Avon Canal; a project which enhances free public access, involves
volunteers and promotes the local economy of a wide area. The
Heritage Lottery Fund is investing in Nature Reserves, Seafront
Piers, Public Parks, Museums and Townscapes. It has also made
awards to enable the re-use of historic buildings such as churches
and warehouses for new community uses, often in the poorest parts
of the United Kingdom. The Heritage Lottery Fund is the prime
agent whereby the National Lottery is able to turn the industrial
infrastructure of the last century into the leisure capital of
the post-industrial age, creating important new assets in the
UK economy. Over 60 per cent of all foreign tourists give "heritage"
as their prime reason for visiting the UK. Heritage Lottery Fund
awards are also helping to promote sustainable development through
the conservation of both built and natural physical resources,
enhancing their value to local communities. ILAM believes this
10. ILAM is clear that it is not the role
of the Heritage Lottery Fund to make up for funding deficiencies
in the programmes of established national agencies. It is better
to identify areas of heritage which lack such institutional support
and have suffered as a result. ILAM has praised particularly the
Heritage Lottery Fund's Urban Parks Programme. Previously, no
other national body or Government department has exhibited any
meaningful regard for the public parks and gardens of our towns
and cities. Nor have they given support to the local authorities
responsible for their care, as is the case for most other leisure
provision. Despite their obvious decline, urban parks remain the
most used recreation facility, and the most accessible to those
with limited income.
11. The neglect in Britain of a heritage
which has inspired successful cities the world over, is a sad
reflection on the societal and civic values which once inspired
their creation. However, the Institute would like to remind members
of the Culture, Media and Sport Committee that it was only their
intervention in the Heritage Lottery Fund's draft Strategic Plan,
prompted by ILAM's verbal evidence to the Committee, that saved
public parks as a distinct item in the Heritage Lottery Fund's
Strategic Plan. This Plan is due to be revised shortly and the
Institute would urge the Committee to again put down a marker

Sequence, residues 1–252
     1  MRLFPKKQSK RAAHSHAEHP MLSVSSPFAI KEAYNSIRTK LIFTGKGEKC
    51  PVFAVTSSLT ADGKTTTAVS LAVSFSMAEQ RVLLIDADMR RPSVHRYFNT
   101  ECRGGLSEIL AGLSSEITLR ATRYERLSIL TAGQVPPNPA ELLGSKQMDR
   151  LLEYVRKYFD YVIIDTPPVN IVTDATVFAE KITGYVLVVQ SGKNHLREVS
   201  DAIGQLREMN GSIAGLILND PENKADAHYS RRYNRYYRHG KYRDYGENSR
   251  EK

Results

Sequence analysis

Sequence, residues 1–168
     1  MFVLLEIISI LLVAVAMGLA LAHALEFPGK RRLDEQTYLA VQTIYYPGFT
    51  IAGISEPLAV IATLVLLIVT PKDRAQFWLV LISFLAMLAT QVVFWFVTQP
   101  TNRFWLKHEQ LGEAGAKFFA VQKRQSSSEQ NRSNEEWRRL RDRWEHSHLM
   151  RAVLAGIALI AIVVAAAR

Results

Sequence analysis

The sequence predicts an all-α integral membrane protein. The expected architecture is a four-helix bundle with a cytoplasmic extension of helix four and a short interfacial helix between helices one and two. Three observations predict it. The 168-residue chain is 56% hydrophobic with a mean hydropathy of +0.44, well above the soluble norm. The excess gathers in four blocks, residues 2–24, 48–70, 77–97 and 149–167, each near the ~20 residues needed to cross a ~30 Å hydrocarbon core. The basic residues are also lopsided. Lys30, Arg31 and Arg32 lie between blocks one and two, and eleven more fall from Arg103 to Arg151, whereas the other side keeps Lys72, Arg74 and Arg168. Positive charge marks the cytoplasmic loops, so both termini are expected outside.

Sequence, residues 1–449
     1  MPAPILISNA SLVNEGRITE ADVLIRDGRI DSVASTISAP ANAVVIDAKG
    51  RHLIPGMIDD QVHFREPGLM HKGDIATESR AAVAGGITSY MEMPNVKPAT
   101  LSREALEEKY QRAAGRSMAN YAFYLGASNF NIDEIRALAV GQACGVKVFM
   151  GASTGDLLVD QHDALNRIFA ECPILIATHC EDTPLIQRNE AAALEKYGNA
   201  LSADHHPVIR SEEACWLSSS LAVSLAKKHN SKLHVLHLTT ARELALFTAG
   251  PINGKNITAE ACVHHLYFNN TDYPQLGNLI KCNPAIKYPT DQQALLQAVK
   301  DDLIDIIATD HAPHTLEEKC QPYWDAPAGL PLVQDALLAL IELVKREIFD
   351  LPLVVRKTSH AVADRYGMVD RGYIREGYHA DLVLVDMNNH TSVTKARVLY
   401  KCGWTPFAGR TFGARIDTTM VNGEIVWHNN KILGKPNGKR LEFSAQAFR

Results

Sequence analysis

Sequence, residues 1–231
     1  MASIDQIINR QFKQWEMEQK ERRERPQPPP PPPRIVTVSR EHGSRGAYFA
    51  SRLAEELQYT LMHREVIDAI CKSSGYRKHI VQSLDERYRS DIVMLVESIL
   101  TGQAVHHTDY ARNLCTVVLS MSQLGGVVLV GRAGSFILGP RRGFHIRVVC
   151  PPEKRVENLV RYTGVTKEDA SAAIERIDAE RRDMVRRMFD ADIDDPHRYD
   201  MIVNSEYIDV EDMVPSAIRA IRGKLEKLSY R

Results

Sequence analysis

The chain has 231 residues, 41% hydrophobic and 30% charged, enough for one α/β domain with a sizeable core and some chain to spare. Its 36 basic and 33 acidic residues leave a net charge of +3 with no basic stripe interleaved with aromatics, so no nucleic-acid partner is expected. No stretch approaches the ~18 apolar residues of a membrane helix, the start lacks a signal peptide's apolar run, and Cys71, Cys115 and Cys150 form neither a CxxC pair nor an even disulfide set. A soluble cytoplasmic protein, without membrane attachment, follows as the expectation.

that it expects to see the trustees of the Heritage Lottery Fund
give at least as big an allocation in the next Strategic Plan
as it was persuaded to do in the current Plan. This is £30
million per year.
12. The Institute would urge for the continued
support of sport Lottery funding for the World Class Programme.
This Olympics have shown that with proper funding British Athletes
can perform and compete on the world stage. Not only did this
result in the largest medal tally for decades but also in the
number of personal bests that were achieved by British competitors.
It would be naive to reduce the funding now as it takes time to
realise the true benefits of this additional support and Sydney
2000 was only a start in the entire process. The Institute would
therefore urge the Committee to recommend that the current levels
of support are maintained.
13. The Institute feels that priority funding
should be given in all capital bids (from £100k-£5 million)
to refurbishment, repair and upgrading of existing arts buildings,
rather than the development of new buildings. It is also important
that funding is available to make these existing facilities and
any new venues properly accessible to all aspects of the community.
14. Where feasible, ILAM believes, that
the links between any improvements to the fabric of arts buildings
and the overall financial health of the organisation should be
carefully considered. For example, in any capital programme bids,
there must be much better scrutiny of business plans and income
projections than has been the case over the last five years. It
is also important that any impact assessment of the use of Lottery
monies to attract new audiences to the arts, is structured to
take into account the fact that this cannot happen overnight,
and that a more effective way of measuring the expansion of the
audience base is developed.
15. To assist in this process strategic
planning from the regions must also be sound and the Arts Councils
must be full partners in developing infrastructure in the most
needy parts of the country.
16. These Awards have been extremely successful
in assisting the voluntary sector, local clubs and community groups
in obtaining smaller amounts of funding for important projects.
The Institute is pleased that these Awards reduce the amount of
bureaucracy and enable communities to apply for greater assistance.
The Institute has always had concerns over the bureaucracy that
community groups had to go through in order to gain Lottery funding
and has felt that this has been a deterrent for those that may
not have access to the expertise needed to put successful applications
17. The Institute would also like to see
the Regional Cultural Consortiums have a greater say in the allocation
of Lottery funds at a regional level to ensure that local and
regional priorities are identified and fulfilled.